Joggers and walkers appreciate cheerful decorations as they make their neighborhood circuits. You don’t have to be Michelangelo to coax a smile or two out of passers-by.

5. Adopting home exercise routines

Couple exercising at home
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Many gyms and recreation centers closed down during the pandemic, forcing fitness fans to move their workouts home. It’s been a reminder that you don’t need pricey equipment to exercise. Even just an inexpensive jump rope, free workout videos and a small space can help you sweat out the stress of these times.

Get started with “9 Exercise Products You Need for Working Out at Home.”

6. Shopping smarter

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Maybe you tried online grocery delivery for the first time? Or discovered your neighborhood still has a milk delivery person? Or tried a community-supported agriculture box of farm-fresh fruits and veggies?

Or perhaps you simply honed your grocery shopping to a smarter practice — hitting one store instead of three, or planning your menus ahead of time rather than wandering blankly through the grocery aisles.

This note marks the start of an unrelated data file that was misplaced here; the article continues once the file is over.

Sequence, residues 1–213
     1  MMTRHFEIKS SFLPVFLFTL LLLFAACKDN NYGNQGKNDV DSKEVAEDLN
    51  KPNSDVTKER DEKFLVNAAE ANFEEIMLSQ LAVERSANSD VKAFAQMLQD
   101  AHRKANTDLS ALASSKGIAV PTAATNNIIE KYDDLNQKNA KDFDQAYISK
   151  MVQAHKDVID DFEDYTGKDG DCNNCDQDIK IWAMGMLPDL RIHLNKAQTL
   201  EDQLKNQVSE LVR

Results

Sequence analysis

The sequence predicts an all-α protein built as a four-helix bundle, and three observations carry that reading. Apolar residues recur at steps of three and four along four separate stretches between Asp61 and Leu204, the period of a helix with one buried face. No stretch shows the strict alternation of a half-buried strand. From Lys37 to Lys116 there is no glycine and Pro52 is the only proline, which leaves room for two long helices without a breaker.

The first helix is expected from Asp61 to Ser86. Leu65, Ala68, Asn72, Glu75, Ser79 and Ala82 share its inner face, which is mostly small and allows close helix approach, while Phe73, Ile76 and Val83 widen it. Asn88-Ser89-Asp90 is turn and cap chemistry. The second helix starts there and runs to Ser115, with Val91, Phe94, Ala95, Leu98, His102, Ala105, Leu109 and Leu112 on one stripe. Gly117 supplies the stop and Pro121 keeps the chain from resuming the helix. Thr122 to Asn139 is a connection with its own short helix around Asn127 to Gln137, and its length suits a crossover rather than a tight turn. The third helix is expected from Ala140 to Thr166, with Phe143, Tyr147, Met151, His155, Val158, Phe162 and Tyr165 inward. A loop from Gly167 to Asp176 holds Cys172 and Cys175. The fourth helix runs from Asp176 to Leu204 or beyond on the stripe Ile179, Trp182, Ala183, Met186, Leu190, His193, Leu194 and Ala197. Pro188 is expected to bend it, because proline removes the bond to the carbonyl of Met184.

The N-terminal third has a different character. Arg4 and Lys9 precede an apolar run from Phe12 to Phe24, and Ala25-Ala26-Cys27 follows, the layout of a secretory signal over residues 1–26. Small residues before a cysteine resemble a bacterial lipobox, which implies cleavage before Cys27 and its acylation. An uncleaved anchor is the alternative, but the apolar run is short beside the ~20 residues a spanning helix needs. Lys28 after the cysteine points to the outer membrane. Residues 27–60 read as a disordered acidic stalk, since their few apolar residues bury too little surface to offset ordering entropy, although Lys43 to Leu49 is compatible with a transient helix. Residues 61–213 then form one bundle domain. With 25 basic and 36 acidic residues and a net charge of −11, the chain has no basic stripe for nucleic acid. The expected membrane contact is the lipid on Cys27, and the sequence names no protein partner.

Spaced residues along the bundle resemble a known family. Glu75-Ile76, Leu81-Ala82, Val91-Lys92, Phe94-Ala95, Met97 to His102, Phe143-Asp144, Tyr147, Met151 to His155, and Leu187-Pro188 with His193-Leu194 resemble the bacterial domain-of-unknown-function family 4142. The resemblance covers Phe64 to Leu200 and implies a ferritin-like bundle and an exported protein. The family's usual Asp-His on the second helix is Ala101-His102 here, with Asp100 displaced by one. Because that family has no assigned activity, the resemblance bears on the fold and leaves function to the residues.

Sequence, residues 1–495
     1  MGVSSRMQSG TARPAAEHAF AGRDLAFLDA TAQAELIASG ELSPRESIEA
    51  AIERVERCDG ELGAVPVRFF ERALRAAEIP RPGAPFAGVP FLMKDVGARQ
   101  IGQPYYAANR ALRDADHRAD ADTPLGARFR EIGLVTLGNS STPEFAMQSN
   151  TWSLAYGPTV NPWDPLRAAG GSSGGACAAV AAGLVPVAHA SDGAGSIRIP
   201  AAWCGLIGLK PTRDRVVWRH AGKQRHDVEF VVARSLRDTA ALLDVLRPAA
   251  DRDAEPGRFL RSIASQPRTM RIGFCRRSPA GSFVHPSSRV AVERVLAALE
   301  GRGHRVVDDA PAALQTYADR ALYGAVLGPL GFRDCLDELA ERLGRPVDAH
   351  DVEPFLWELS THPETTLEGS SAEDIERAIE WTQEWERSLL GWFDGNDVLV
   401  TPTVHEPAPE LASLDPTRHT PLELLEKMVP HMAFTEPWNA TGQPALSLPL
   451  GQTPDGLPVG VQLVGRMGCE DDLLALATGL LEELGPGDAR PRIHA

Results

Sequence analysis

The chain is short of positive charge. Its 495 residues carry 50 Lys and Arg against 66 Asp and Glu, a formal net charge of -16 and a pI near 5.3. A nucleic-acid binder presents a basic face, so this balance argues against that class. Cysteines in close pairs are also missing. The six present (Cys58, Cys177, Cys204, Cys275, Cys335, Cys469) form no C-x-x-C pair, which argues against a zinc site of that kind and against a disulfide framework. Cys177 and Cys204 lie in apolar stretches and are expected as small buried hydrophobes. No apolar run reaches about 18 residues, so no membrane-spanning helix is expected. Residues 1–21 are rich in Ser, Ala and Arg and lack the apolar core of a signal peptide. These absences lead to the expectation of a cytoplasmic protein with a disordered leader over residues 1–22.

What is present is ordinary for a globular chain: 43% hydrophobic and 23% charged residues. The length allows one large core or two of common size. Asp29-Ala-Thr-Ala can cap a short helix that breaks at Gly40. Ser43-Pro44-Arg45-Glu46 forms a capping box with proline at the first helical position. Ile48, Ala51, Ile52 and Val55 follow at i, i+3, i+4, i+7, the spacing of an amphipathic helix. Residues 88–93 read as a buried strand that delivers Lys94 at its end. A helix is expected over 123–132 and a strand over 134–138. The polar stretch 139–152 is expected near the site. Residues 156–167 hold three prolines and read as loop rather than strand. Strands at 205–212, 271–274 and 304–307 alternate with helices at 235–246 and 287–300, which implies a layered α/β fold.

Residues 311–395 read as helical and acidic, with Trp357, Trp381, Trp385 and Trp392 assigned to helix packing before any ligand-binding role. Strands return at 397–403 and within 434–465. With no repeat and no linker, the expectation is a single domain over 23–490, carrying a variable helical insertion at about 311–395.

These are all smart shopping habits that can persist well after any outbreak.

7. Checking on neighbors in need

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The coronavirus pandemic has been hard on everyone, but the elderly, ill and those living alone often have struggled more than others. Even as things settle into a new normal, keep up those habits of checking in on neighbors who might need help with grocery runs or simple home chores.

8. Washing hands thoroughly

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Even those who were dutiful hand-washers before the coronavirus outbreak likely learned something about cleanliness over the past few years.

The Centers for Disease Control and Prevention recommends washing your hands for at least 20 seconds, or about the time it takes you to sing the “Happy Birthday” song twice. For more tips, check out “Are You Making These 7 Hand-Washing Mistakes?